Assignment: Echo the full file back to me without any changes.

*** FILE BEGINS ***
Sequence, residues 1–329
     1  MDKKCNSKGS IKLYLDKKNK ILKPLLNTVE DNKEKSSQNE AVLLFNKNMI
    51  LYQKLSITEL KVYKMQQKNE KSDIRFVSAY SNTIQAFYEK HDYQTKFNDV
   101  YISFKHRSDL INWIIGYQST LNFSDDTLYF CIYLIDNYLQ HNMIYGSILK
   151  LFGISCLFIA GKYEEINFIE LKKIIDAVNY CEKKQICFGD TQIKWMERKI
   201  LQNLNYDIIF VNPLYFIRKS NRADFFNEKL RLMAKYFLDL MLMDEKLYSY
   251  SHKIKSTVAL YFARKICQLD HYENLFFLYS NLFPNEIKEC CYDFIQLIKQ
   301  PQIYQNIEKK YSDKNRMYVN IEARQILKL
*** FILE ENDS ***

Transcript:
Sequence, residues 1–329
     1  MDKKCNSKGS IKLYLDKKNK ILKPLLNTVE DNKEKSSQNE AVLLFNKNMI
    51  LYQKLSITEL KVYKMQQKNE KSDIRFVSAY SNTIQAFYEK HDYQTKFNDV
   101  YISFKHRSDL INWIIGYQST LNFSDDTLYF CIYLIDNYLQ HNMIYGSILK
   151  LFGISCLFIA GKYEEINFIE LKKIIDAVNY CEKKQICFGD TQIKWMERKI
   201  LQNLNYDIIF VNPLYFIRKS NRADFFNEKL RLMAKYFLDL MLMDEKLYSY
   251  SHKIKSTVAL YFARKICQLD HYENLFFLYS NLFPNEIKEC CYDFIQLIKQ
   301  PQIYQNIEKK YSDKNRMYVN IEARQILKL